Becoming More Efficient Offensively – Last season, CCSU bettered the national average for scoring by more than five points per game, yet that statistic is rather misleading. If you factor their tempo into the equation, the Blue Devils fell shy of scoring 1.00 point per possession. That mark was only eighth best in the NEC. The depth, once again, should help this cause, as well as a renewed sense of sharing the basketball. Dickenman has made it clear to Vinales that he needs to improve his shot selection and make his teammates better in the process. The team’s second leading scorer from a season ago, Hunter, has also looked more efficient shooting the basketball this preseason.

The Skinny:
CCSU wasn’t exactly a model of consistency last season. After losing to St. Peter’s two games in, they shocked La Salle, an eventual Sweet 16 team. Soon thereafter, they were mired in an eye-opening five game losing streak with the nadir occurring in Loretto, PA against the winless Red Flash. After that embarrassing loss, they then beat Robert Morris on the road! It was a season truly lacking predictability; no one ever knew – including Dickenman himself – how this team would perform on any given night.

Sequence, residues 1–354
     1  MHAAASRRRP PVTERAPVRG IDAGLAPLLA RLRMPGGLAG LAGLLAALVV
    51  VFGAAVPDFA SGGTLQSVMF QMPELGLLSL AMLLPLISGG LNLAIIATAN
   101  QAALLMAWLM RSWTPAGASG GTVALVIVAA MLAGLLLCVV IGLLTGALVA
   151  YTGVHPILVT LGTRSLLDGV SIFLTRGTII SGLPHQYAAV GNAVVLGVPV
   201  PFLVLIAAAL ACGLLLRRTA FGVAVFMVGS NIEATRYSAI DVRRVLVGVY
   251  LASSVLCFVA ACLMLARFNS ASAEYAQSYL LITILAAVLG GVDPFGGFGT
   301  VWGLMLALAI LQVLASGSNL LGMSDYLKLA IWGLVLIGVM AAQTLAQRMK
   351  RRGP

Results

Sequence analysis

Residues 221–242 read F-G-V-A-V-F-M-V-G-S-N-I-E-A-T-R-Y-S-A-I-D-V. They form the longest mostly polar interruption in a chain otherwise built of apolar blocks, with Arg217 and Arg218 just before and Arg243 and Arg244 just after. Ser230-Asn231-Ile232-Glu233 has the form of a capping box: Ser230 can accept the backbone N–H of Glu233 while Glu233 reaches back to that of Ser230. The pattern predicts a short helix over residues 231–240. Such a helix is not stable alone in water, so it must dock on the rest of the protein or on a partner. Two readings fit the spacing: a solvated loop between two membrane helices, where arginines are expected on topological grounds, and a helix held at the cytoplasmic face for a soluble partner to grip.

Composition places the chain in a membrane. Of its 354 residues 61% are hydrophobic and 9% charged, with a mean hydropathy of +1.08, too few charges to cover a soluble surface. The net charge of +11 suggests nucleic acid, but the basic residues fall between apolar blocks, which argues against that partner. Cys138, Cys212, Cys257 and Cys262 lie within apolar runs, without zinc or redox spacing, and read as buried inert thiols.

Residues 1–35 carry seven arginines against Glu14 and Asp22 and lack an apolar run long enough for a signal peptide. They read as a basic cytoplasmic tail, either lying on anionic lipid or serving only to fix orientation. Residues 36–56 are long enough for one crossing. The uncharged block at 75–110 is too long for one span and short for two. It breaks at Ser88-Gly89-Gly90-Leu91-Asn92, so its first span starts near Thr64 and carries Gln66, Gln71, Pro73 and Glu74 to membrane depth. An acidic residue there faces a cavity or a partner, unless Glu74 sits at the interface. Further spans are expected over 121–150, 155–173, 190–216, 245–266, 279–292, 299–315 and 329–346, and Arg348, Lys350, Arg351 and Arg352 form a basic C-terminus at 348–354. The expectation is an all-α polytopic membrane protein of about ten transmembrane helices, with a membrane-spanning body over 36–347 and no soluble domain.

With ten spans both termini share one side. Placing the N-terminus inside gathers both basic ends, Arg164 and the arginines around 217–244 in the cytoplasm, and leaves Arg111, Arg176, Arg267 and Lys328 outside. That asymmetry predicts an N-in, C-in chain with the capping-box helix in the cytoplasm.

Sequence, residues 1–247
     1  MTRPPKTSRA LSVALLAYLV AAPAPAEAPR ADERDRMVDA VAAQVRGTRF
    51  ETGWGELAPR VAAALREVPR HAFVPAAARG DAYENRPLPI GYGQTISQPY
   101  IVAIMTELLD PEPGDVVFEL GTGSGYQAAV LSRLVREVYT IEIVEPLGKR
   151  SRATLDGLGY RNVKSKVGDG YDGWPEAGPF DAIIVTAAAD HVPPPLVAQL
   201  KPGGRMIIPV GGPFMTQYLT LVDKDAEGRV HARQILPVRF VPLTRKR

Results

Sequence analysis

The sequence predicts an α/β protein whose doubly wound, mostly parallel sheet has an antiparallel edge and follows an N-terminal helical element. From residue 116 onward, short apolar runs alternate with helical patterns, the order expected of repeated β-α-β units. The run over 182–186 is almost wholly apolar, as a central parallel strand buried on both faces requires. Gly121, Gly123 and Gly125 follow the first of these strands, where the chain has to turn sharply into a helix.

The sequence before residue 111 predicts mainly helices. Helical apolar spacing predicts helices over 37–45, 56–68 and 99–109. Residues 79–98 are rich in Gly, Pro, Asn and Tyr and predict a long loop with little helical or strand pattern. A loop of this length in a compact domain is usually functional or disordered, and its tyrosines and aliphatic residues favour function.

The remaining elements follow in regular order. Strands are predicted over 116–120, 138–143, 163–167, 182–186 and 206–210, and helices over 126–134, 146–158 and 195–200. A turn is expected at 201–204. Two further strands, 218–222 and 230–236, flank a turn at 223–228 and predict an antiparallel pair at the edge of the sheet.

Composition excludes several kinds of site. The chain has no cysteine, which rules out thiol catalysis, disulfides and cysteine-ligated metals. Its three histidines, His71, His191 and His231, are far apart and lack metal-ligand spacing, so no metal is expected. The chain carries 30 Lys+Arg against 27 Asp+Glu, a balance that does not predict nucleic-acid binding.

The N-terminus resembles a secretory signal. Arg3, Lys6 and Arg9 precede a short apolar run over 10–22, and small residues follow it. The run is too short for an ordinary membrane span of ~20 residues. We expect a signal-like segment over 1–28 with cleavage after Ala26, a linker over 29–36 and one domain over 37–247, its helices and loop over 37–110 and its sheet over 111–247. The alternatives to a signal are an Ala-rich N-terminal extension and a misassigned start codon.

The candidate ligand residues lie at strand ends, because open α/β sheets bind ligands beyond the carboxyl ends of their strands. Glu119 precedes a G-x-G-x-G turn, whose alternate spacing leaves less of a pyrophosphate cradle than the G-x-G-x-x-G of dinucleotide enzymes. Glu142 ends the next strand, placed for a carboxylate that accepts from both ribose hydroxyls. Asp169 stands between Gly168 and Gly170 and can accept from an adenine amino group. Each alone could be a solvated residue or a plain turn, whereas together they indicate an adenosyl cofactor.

The eroding depth was partially to blame, as CCSU was forced to play a maximum of seven scholarship players throughout most of the season due to injuries (Cumberlander, De’Angelo Speech), dismissals (Shelton Mickell), and flat-out ineffectiveness (Erik Raleigh). Now, Dickenman and his staff have some talent on the second team that could desperately give the regulars some rest.

Still, this team remains built around three perimeter players – Malcolm McMillan, Matthew Hunter, and Kyle Vinales. All three are crafty with the ball, excel at playmaking, and can score with the best of them, especially the latter two. While McMillan serves more as a facilitator, he does it quite well, as evident from his league leading assist to turnover ratio of 2.5. Hunter is a “stat stuffer” and is active in all facets of the game. A bit of a freelancer on defense, Hunter’s 4.0% steal rate was 65th nationally among players.